Detecting for Dogs from A to Z
Ola, amigos. Bienvenidos to the first book ever written about private detecting by a dog. Many books have been written from the point of view of humans but we all know a dog is better deigned for detecting a human Thus an entirely new manual is needed. And who better to write such a document than the famous detective dog, Pepe Sullivan, senior partner of the prominent Seattle detective agency: Sullivan and Sullivan.
If you have any reason to doubt my fame or experience, you need to read the novels about my success as a crime fighter: Dial C for Chihuahua, Chihuahua Confidential, The Big Chihuahua, The Chihuahua Always Sniffs Twice and The Silence of the Chihuahuas.
Acquiring a Sidekick
My dear perros, the first thing you need to find if you wish to be a successful detective is a sidekick. Think Holmes and Watson. Think Bones and Scully. Although you will want any number of attractive and submissive canine assistants (and I am accepting applications—see my Job Posting), a human sidekick is desirable for several reasons.
1) Language. Humans have the ability to communicate with other humans. And this will turn out to be useful to you when you wish to interrogate suspects. Humans also are handy as translators. For example, what if you are asking for a piece of bacon and someone thinks you want to go outside in the rain. I know! Ridiculous! How can any human make such an elementary mistake? Unfortunately there are currently no programs teaching Canine. So it is useful to have a human who can translate for you.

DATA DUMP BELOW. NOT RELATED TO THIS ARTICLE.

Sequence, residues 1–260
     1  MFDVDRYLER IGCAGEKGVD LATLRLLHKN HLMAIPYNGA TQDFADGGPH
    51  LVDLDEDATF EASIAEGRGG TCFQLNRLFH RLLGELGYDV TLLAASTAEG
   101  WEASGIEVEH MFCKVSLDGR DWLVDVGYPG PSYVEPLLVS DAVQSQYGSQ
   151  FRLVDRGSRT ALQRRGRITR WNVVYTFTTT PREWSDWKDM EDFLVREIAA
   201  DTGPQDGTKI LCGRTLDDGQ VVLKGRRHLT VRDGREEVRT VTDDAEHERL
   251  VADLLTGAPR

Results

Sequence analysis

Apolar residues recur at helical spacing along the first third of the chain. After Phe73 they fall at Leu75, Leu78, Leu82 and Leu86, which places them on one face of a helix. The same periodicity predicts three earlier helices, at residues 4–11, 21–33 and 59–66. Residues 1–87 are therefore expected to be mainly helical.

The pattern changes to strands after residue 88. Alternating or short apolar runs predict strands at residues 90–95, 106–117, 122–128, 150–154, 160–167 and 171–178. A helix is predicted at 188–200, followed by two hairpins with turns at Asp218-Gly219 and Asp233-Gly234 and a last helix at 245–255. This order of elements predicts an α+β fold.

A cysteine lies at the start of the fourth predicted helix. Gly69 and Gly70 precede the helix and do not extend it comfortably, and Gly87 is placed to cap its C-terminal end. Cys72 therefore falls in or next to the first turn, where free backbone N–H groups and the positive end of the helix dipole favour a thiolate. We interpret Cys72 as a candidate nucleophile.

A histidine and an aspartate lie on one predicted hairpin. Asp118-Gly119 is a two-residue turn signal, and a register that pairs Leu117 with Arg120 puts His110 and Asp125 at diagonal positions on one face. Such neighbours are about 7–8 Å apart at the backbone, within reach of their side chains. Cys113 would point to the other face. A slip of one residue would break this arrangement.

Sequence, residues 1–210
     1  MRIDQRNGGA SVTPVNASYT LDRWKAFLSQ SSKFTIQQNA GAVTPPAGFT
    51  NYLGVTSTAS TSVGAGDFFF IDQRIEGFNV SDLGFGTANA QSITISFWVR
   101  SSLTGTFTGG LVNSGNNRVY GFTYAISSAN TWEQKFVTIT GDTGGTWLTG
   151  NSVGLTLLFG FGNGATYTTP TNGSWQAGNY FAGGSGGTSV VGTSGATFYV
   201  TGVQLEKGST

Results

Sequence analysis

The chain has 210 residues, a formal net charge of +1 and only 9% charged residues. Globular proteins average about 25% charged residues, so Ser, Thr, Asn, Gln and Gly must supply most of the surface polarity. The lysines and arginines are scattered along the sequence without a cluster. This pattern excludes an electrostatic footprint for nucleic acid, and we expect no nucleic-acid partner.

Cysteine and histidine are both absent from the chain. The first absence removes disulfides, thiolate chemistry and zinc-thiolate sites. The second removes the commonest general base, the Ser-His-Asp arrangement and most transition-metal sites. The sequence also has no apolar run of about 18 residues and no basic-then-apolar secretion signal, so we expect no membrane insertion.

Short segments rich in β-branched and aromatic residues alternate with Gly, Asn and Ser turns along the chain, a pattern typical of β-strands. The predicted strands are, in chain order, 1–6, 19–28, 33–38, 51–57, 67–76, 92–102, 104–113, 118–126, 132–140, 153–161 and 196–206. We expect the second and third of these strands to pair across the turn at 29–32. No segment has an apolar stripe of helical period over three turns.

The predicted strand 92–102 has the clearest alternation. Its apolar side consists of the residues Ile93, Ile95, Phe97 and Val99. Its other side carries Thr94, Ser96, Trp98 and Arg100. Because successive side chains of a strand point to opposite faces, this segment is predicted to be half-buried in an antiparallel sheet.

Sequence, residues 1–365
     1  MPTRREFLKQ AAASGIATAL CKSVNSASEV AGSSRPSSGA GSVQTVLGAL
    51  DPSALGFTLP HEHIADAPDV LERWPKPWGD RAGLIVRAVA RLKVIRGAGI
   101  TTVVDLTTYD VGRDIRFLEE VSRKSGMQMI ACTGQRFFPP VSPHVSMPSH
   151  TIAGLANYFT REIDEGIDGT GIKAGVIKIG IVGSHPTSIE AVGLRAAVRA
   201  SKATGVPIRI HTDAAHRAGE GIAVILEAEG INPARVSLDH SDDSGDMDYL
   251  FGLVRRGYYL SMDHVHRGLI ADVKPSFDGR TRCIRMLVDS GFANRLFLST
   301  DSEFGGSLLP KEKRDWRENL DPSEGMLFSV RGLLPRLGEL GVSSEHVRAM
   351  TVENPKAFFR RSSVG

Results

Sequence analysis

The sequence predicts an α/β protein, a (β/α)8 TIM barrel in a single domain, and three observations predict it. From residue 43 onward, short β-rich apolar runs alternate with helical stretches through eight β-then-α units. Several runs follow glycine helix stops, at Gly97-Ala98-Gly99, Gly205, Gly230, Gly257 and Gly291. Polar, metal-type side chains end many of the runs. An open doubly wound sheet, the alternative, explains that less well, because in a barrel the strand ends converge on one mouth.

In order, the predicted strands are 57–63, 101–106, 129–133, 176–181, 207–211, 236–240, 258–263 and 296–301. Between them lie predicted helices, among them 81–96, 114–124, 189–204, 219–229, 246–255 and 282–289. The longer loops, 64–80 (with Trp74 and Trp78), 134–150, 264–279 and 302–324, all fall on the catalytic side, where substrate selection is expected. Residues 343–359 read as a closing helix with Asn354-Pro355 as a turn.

2) Driving. Humans are rather indispensable for driving a car, especially for a small dog like me. Of course, I could press down on either the gas pedal and brake pedal if I were on the floorboard of the car. I could also steer the car simply by stretching my tiny body across the steering wheel, hanging on by my fore paws and hind paws and shifting my weight from side to side. However, I could not do both at the same time. Thus a human chauffeur is necessary to get to the scenes of the crimes and to chase down criminals (Geri and I very much enjoy car chases).
3) Providing of food and drink. When on a case, it is difficult to procure your own meals. And a hungry detective is less effective than a well-fed detective. (Although not too well fed—a certain edge of hunger sharpens the sword of justice!)
4) Interviews with media. Again, the translator role of the human partner is of utmost importance. I could, of course, just smile and act cute, which would cause many flashbulbs to go off and many cameras to snap like crazy. But for the substance of the interview, a human is required. And again, my choice is Geri Sullivan, and not just because she speaks a little Spanish. No, it is because while she is quite pretty, she does not try to hog the limelight. On the contrary, Geri always acknowledges my role as the primary detective.
5) Asking stupid questions. Some may object to the adjective. You may substitute the word “ingenuous” instead if you prefer. The point is your sidekick’s inquiries allow you to showcase your thinking. As when your sidekick asks, “Who do you think entered the building?” And you can reply: “Someone who had just eaten a peanut butter sandwich and an apple, and was wearing a pair of Birkenstocks, with socks, a fashion faux pas,” thus dazzling them with your extraordinary ability to identify scents and your supreme fashion sense.